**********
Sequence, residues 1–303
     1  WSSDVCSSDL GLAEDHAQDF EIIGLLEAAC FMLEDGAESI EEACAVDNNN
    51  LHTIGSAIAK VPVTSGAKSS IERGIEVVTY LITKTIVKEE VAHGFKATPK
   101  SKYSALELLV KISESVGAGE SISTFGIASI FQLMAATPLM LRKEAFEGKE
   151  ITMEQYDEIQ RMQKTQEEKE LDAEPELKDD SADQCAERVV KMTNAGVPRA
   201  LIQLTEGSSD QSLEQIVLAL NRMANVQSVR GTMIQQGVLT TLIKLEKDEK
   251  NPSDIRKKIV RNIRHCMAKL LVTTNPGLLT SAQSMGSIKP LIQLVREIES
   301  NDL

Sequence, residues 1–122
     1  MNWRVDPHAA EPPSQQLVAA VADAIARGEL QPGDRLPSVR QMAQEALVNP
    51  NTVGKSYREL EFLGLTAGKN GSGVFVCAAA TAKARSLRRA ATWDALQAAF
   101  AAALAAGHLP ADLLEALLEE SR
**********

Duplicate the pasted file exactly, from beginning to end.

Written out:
Sequence, residues 1–303
     1  WSSDVCSSDL GLAEDHAQDF EIIGLLEAAC FMLEDGAESI EEACAVDNNN
    51  LHTIGSAIAK VPVTSGAKSS IERGIEVVTY LITKTIVKEE VAHGFKATPK
   101  SKYSALELLV KISESVGAGE SISTFGIASI FQLMAATPLM LRKEAFEGKE
   151  ITMEQYDEIQ RMQKTQEEKE LDAEPELKDD SADQCAERVV KMTNAGVPRA
   201  LIQLTEGSSD QSLEQIVLAL NRMANVQSVR GTMIQQGVLT TLIKLEKDEK
   251  NPSDIRKKIV RNIRHCMAKL LVTTNPGLLT SAQSMGSIKP LIQLVREIES
   301  NDL

Sequence, residues 1–122
     1  MNWRVDPHAA EPPSQQLVAA VADAIARGEL QPGDRLPSVR QMAQEALVNP
    51  NTVGKSYREL EFLGLTAGKN GSGVFVCAAA TAKARSLRRA ATWDALQAAF
   101  AAALAAGHLP ADLLEALLEE SR